Monday, October 18, 2010

Wisdom: From philosophy to neuroscience

Book Club... And Then Some!

Wisdom: From philosophy to neuroscience  

by Stephen S. Hall

Book Review by Richard L. Weaver II, Ph.D.
This is a 333-page book with a 14-page index, 15-page bibliography, 23-page section of notes, and a 5-page acknowledgments section.  This makes it 272-pages of content.  There is nothing negative in noting this; however, be aware that this (comparatively speaking) is a large book.

The front flyleaf clarifies the content: “[The book] is a dramatic history of wisdom, from its sudden emergence in four different locations (Greece, China, Israel, and India) in the fifth century B.C. to its modern manifestations in education, politics, and the workplace.  We learn how wisom became the provenance of philosophy and religion through its embodiment in individuals such as Buddha, Confucius, and Jesus; how it has consistently been a catalyst for social change; and how revelatory work in the last fifty years by psychologists, economists, and neuroscientists has begun to shed light on the biology of cognitive traits long associated with wisdom—and in doing so, has begun to suggest how we might cultivate it.”

There are three parts.  The first discusses the definition of wisdom, the second, eight neural pillars of wisdom, and the third, becoming wise.  The 15 chapters give you a better idea of how well the book relates to people’s lives (after the first three on philosophical and psychological roots): the art of coping, establishing value, judging right from wrong, the biology of loving-kindness and empathy, the gift of perspective, social justice, fairness, and the wisdom of punishment, temptation and delayed gratification, change, the wisdom of aging, and everyday wisdom.

There is a great deal of substance in this book, and clearly it is not of the “pop-psych” variety—full of cute quips, lively anecdotes, and suggestions for improvement and change.  On the other hand, you get an extremely well-written, easy-to-follow book, that includes great illustrations, many historical references and stories, the incorporation of interesting and relevant recent research, insights and revelations that only a science writer like Hall would not just understand but digest and make palatable for readers, and a fascinating—maybe even a landmark—examination of a topic relevant to everyone.

What Hall delivers is interesting discourse, as witnessed when he talks about the content of his book: “The world doesn’t need another book about neuroeconomics, and this doesn’t plan on being one.  But a lot of recent research in neuroeconomics and (in a broader sense) social neuroscience—including related fields like cognitive neuroscience, behavioral psychology, moral philosophy, and the like—strikes me as an immensely fertile area to till for fresh new insights into the nature of wisdom” (p. 16).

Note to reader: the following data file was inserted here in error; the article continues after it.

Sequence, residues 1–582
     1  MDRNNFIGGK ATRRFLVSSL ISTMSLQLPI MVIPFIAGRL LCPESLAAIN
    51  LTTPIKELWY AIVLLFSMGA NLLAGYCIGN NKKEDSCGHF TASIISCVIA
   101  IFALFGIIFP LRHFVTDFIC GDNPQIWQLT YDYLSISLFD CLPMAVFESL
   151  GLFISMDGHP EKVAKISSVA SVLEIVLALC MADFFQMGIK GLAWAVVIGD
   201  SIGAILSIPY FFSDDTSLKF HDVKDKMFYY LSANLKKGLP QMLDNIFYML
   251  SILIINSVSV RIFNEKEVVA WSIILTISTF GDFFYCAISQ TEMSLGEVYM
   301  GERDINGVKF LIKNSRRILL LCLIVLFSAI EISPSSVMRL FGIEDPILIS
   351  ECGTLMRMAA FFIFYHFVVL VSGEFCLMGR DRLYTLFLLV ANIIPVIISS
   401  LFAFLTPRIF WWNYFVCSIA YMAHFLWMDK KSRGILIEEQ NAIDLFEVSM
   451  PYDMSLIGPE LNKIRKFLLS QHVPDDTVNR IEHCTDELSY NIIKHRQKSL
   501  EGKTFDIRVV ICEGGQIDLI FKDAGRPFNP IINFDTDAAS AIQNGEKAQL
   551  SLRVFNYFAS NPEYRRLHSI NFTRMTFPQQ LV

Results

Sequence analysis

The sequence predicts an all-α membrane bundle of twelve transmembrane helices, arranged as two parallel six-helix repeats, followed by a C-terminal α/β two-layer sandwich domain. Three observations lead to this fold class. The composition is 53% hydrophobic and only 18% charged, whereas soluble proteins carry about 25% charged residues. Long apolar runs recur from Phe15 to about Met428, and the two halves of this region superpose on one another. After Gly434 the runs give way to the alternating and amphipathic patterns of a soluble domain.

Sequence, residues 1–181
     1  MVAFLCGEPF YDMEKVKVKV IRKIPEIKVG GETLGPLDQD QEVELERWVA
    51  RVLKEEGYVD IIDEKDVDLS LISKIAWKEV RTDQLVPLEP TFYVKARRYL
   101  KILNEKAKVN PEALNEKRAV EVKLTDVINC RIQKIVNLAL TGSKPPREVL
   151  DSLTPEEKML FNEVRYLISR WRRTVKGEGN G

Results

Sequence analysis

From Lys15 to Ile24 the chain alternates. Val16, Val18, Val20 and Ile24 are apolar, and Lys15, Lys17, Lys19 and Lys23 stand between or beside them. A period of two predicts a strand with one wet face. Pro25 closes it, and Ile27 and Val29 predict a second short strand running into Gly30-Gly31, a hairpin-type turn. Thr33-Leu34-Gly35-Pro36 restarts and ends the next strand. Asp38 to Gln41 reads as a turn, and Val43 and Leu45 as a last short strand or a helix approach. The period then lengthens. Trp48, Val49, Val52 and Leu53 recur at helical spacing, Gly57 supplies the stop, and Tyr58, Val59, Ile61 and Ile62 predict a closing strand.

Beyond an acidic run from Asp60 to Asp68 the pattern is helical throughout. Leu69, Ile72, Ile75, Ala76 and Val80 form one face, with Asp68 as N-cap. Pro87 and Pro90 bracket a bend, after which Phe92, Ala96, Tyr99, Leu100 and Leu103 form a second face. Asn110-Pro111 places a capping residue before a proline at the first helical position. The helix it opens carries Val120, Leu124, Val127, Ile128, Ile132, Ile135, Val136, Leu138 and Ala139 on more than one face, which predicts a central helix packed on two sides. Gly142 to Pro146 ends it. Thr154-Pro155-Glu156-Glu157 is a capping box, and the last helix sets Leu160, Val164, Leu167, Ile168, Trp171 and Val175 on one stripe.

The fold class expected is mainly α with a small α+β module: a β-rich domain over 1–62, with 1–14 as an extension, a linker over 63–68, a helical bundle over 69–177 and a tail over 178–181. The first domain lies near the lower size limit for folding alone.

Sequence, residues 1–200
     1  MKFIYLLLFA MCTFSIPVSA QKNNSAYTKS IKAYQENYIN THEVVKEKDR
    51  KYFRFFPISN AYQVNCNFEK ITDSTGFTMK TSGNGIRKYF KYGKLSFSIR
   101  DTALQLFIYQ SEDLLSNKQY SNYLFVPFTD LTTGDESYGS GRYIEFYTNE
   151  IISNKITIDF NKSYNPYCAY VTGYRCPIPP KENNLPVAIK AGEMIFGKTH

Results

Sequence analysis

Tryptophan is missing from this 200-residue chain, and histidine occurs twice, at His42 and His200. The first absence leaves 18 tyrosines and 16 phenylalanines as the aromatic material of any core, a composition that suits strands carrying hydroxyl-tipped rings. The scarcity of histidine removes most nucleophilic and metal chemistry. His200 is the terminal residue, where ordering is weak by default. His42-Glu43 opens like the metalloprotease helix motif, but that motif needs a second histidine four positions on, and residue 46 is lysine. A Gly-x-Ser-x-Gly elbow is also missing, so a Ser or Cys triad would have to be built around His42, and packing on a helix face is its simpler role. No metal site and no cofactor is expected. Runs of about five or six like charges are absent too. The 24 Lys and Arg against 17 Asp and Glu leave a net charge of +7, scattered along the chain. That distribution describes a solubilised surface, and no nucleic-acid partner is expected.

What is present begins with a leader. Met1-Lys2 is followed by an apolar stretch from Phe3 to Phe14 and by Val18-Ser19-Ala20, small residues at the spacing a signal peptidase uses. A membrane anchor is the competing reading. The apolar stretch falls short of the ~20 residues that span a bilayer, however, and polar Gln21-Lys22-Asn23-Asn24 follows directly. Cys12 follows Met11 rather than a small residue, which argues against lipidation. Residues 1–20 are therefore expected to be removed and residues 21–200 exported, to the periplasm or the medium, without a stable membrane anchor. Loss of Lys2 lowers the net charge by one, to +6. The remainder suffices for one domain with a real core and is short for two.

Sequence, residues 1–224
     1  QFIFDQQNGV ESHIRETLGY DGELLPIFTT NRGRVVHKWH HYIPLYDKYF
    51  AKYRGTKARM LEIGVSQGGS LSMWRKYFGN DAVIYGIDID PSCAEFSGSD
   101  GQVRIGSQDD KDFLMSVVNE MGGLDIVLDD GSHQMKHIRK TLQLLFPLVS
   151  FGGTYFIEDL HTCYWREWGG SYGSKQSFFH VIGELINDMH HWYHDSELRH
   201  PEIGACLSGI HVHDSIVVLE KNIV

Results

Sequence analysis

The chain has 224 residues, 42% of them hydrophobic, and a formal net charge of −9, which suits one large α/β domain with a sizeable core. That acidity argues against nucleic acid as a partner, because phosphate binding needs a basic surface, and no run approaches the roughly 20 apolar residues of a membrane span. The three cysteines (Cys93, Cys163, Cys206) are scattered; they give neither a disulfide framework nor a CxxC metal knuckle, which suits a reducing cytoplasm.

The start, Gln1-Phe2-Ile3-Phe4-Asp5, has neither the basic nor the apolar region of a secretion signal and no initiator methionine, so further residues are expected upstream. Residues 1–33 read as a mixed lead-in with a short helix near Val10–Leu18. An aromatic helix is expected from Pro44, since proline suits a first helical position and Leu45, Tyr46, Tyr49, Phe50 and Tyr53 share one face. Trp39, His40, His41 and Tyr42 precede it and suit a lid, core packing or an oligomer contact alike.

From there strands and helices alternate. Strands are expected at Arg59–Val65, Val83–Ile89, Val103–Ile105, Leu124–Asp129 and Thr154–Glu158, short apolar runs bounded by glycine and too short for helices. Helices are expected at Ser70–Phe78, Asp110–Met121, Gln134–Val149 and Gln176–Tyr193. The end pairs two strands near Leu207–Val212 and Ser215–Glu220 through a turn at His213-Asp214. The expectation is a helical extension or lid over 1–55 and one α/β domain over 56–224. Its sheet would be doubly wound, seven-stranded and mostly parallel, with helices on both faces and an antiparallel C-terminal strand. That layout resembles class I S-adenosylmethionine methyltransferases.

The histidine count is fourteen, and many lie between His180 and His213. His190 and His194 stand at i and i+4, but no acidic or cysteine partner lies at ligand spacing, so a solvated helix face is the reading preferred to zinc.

Dr. Vivian Clayton offers this excellent review of Hall’s book on “Stephen Hall's book on Wisdom manages to integrate the empirical research that's been conducted over the last thirty-five years in a style and convivial manner that has eluded the scientific community. I felt the book delivered on its promise: it offered much information about the ways we go about making complex life decisions. It reflected honestly on the real life shortcomings of people who have always been perceived as wise historically, such as Solomon. In my opinion, the best part of the book was delivered by offering examples of how adopting a wisdom based approach can affect how things are done in settings such as the classroom and the boardroom.

This is not a ‘How to be wise’ manual. If you like labyrinths, and recognize that many paths can lead to the center of things, this is the book for you. Like many portraits in an art gallery, you will find yourself pausing at various junctures to look more carefully at this or that quality of wisdom - be it patience, humility or compassion. Fortunately, there is no 'closing time' to this gallery. At the end of my visit, I personally felt a sense of gratitude that a writer could capture such an illusive topic without diminishing its potential for further study in matters both personal and societal.”

With all of this information it should be easy now to know whether this book would be one that would interest you.  I found it wonderful, interesting, insightful, and full of valuable information seldom found elsewhere. 

This book is available from Wisdom: From philosophy to neuroscience.

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